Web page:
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- The 2014 Big Picture on Cyber Security
- AFCEA Answers
- Ask the CIO
- Building the Hybrid Cloud
- Connected Government: How to Build and Procure Network Services for the Future
- Continuing Diagnostics and Mitigation: Discussion of Progress and Next Steps
- Federal Executive Forum
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- The Future of Government Data Centers
- The Future of IT: How CIOs Can Enable the Service-Oriented Enterprise
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- The Intersection: Where Technology Meets Transformation
- Maximizing ROI Through Data Center Consolidation
- Mitigating Insider Threats in Virtual & Cloud Environments
- Modern Mission Critical Series
- Moving to the Cloud. What's the best approach for me
- Navigating Tough Choices in Government Cloud Computing
- The New Generation of Database
- Reimagining the Next Generation of Government
- Satellite Communications: Acquiring SATCOM in Tight Times
- Targeting Advanced Threats: Proven Methods from Detection through Remediation
- Transformative Technology: Desktop Virtualization in Government
- The Truth About IT Opex and Software Defined Networking
- Value of Health IT
- Air Traffic Management Transformation Report
- Cloud First Report
- General Dynamics IT Enterprise Center
- Gov Cloud Minute
- Government in Technology Series
- Homeland Security Cybersecurity Market Report
- National Cybersecurity Awareness Month
- Technology Insights
- The Cyber Security Report
- The Next Generation Cyber Security Experts
Shows & Panels
Good news, bad news, on the pay front
Friday - 3/7/2014, 2:00am EST
The bad news is that it will be the same as the 1 percent increase you got last January.
The bittersweet part is that this year's 1 percent was the first January pay raise you've had since 2010, although you are paying 2014 prices for things like food, rent, fuel and health premiums. This is true wherever you work or live.
There is added good/bad/bittersweet news for feds who live or work near any of the following cities:
- Albany, NY
- Colorado Springs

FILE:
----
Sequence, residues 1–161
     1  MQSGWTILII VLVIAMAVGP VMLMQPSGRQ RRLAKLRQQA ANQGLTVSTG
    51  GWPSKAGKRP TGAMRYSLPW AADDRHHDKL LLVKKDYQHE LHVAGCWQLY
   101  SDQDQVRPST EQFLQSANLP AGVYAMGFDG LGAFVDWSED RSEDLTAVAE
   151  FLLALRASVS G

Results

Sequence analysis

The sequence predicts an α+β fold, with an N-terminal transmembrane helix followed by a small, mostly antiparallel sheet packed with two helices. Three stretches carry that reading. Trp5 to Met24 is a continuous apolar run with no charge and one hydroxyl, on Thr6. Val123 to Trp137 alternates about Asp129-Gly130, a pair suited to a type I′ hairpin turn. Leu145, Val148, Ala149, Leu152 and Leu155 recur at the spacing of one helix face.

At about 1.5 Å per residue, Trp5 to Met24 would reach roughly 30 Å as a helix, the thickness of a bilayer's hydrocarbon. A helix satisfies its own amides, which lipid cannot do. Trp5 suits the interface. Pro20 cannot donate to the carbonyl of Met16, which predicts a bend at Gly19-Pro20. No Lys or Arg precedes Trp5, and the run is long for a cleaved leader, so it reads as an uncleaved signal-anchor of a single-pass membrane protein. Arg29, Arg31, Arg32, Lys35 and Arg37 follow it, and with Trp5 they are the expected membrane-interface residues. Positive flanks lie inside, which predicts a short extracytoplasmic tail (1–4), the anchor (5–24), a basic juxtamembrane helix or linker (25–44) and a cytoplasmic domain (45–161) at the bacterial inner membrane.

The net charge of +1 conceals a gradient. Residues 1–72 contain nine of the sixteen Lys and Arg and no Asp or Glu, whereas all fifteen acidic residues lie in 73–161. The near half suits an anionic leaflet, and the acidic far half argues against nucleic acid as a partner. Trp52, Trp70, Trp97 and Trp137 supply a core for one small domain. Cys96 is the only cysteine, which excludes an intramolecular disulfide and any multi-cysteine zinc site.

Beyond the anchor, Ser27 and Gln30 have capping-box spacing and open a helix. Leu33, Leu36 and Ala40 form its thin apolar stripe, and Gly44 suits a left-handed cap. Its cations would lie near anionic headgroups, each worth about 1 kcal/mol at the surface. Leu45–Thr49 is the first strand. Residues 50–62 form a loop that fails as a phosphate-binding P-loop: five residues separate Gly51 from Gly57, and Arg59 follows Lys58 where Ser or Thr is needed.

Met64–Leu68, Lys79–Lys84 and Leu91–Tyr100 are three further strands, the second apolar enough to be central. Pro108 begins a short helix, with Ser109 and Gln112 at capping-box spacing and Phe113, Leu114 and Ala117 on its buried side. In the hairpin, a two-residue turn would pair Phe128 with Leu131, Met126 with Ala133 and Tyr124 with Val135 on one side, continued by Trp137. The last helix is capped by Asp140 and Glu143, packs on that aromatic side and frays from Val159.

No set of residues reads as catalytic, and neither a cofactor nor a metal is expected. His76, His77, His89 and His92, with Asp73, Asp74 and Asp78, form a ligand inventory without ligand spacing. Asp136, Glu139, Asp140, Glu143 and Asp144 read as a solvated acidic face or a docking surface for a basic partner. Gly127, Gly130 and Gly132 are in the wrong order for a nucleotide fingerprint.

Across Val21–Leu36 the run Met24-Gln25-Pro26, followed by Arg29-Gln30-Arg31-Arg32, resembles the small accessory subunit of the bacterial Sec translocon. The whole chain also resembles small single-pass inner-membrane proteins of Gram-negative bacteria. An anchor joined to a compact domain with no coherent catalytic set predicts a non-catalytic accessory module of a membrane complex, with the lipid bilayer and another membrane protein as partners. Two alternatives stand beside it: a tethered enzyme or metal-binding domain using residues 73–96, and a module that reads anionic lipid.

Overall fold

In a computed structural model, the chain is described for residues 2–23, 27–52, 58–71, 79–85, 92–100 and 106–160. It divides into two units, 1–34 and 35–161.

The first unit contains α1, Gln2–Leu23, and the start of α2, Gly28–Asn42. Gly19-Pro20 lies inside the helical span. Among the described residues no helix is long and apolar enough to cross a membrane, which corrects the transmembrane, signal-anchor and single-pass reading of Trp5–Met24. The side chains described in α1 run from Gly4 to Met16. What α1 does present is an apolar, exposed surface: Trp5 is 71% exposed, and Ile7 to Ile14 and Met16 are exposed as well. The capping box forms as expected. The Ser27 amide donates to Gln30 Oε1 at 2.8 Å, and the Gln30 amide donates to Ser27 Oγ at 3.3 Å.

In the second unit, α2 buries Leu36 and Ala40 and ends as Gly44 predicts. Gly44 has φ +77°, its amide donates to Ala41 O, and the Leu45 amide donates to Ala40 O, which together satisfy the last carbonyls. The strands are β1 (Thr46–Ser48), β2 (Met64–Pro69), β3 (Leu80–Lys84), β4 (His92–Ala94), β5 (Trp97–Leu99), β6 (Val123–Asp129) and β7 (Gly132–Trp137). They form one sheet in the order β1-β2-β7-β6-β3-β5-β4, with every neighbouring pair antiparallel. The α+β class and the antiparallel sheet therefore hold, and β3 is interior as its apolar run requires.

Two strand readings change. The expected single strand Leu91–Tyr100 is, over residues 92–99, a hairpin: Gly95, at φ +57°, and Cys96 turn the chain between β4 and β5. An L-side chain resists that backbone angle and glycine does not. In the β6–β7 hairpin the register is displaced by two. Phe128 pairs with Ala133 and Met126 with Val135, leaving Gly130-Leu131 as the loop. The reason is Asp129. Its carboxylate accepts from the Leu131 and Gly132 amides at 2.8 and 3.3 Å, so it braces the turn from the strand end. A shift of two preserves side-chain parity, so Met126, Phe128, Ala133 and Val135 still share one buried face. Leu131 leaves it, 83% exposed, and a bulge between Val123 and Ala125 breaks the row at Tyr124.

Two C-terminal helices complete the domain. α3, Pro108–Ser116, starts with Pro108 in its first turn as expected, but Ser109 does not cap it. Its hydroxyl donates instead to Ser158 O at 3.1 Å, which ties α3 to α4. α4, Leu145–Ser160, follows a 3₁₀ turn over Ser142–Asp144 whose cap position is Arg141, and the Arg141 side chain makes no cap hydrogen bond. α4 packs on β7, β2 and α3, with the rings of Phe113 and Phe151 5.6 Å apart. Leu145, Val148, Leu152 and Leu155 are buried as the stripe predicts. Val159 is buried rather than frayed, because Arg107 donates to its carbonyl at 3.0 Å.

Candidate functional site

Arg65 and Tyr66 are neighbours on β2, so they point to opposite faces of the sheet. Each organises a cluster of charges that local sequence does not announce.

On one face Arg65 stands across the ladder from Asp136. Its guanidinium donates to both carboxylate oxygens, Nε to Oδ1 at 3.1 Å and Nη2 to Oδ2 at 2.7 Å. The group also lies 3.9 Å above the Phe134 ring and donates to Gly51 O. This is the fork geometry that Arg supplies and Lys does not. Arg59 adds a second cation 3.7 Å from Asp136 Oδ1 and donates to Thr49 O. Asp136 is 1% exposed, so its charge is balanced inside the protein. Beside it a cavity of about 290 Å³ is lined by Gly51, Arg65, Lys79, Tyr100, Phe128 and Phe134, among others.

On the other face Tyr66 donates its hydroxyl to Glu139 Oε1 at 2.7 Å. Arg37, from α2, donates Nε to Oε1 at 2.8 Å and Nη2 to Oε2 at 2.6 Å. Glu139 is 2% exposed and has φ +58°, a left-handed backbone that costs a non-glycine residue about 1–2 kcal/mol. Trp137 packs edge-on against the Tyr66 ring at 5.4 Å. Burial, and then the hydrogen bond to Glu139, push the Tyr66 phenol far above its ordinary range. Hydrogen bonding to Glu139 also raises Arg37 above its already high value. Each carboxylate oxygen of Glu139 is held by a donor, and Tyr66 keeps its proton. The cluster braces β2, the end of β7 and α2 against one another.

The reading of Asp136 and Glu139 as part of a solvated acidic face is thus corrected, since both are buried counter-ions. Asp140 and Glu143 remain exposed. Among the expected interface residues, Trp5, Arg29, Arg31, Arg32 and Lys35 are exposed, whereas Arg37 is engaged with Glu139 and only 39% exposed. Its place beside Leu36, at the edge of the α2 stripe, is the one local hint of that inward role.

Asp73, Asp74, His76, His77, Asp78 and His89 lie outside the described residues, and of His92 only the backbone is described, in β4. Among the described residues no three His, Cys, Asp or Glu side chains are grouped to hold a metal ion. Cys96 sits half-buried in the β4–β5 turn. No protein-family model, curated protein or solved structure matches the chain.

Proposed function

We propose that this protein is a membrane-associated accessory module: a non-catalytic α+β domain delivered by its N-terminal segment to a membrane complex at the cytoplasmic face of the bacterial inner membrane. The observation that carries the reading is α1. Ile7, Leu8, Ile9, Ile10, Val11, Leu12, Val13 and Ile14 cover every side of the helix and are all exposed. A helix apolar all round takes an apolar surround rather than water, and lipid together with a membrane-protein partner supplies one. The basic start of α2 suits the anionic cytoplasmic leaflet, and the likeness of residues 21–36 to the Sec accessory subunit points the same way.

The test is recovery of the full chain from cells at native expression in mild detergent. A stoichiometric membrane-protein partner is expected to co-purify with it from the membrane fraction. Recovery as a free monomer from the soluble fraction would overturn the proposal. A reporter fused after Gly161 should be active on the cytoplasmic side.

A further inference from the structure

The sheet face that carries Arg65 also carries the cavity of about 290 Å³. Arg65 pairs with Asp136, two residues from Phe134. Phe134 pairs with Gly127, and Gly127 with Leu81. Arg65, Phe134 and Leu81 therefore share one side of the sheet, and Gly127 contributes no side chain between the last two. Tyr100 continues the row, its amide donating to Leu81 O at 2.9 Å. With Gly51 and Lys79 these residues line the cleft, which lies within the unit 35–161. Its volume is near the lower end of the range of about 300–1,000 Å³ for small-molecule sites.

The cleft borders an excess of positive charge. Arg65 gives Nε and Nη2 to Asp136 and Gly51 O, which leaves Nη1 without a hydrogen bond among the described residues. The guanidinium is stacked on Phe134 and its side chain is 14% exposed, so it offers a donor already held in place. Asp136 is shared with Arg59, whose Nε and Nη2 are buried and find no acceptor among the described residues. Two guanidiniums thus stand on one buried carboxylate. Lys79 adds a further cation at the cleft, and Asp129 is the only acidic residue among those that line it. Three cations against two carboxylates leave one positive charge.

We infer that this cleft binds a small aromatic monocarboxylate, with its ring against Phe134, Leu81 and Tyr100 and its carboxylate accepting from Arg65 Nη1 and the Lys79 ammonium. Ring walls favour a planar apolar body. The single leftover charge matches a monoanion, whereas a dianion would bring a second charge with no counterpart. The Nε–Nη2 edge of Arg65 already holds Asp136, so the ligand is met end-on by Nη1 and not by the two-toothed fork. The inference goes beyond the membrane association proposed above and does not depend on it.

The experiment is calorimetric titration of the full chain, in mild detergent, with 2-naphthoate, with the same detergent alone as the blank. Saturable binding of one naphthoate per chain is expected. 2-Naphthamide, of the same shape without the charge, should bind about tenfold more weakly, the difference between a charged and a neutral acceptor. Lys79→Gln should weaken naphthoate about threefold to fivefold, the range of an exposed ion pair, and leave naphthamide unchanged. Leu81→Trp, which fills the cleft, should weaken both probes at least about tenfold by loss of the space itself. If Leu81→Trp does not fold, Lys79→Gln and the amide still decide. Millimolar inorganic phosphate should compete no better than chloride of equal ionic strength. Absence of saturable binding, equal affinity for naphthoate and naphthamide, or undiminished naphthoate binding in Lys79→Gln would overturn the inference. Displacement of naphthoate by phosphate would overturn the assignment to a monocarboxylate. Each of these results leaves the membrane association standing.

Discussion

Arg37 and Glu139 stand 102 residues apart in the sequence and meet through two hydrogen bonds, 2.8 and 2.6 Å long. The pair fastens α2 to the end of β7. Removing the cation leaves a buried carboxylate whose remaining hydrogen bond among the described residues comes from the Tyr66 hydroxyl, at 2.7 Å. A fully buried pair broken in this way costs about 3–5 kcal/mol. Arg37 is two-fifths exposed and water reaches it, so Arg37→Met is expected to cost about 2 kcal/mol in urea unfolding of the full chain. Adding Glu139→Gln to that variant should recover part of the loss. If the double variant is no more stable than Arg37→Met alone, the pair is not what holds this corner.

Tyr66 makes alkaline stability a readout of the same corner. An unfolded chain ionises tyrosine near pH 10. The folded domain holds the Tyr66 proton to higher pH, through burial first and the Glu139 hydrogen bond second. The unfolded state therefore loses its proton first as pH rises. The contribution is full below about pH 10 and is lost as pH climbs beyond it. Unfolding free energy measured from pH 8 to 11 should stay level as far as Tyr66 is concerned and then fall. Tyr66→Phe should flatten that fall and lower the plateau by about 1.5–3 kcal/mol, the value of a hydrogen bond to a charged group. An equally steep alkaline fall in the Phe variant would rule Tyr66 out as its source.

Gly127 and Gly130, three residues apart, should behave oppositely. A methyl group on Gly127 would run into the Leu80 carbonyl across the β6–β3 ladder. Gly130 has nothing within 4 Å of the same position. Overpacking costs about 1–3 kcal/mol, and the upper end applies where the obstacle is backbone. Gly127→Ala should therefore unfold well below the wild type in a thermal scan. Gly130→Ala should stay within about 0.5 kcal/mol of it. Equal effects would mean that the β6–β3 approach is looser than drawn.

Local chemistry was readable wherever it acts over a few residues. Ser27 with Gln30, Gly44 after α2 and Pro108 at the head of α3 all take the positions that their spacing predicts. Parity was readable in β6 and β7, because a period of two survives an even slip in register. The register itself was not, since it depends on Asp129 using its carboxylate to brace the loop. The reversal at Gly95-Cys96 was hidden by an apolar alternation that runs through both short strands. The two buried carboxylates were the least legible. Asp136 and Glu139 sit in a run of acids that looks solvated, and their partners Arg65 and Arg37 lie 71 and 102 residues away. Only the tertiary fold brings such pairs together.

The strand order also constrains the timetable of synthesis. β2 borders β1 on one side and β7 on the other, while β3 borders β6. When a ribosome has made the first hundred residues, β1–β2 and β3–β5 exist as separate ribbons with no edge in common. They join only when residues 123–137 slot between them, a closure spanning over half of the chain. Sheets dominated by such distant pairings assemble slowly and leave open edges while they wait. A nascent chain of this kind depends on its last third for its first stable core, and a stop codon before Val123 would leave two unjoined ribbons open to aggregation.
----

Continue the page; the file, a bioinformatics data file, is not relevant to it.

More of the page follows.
- Davenport, Iowa
- Las Vegas
- Palm Bay, Florida
- St. Louis
The good news is that your Uncle Sam knows it.
The bad news is that nobody outside of the government believes it!
The further bad news is that you are underpaid compared to people in the private sector in your city who are doing jobs similar to yours.
To add insult to injury is the fact that the government recognizes that you are paid less than your civil service colleagues in places like Houston, San Francisco, New York and the Baltimore- Washington locality pay loop.
The good news is that the government has teams of experts working on the problem. More good news is the fact that one of them, the Federal Salary Council among them, recommended that folks in the above-mentioned 14 cities be moved from RUS (government-ese for the "Rest of U.S." pay category) into their own locality pay area. In RUS, everybody is paid at the same level regardless of location and local private-sector salary conditions.
The bad news is that people listed in the fabulous 14 areas above will not be given their own locality pay designation in 2014. For the back story, click here.
Many retirement-age feds in RUS-area cities believe they should get locality pay status. That would mean an automatic raise, in some cases, a substantial increase. Some workers say they have delayed retirement pending a regular pay raise, hoping it would boost their highest three years of salary for retirement purposes. But that is not in the cards this year.
Since locality pay was set up, feds in LA, San Francisco, New York and Houston and smaller areas with large concentrations of feds, like Raleigh-Durham-Carey, have jumped well ahead of rates for most other locality areas — and for everyone who lives and works in RUS. There has been zero growth in locality pay since 2010, after which pay was first frozen. President Obama authorized the 1 percentage point increase last year for January of this year, but locality rates remain frozen.
NEARLY USELESS FACTOID
Compiled by Jack Moore
The apostrophe in the name of clothing retailer "Lands' End" was actually the result of a printing mistake in 1964 that the company's founder couldn't afford to fix at the time.
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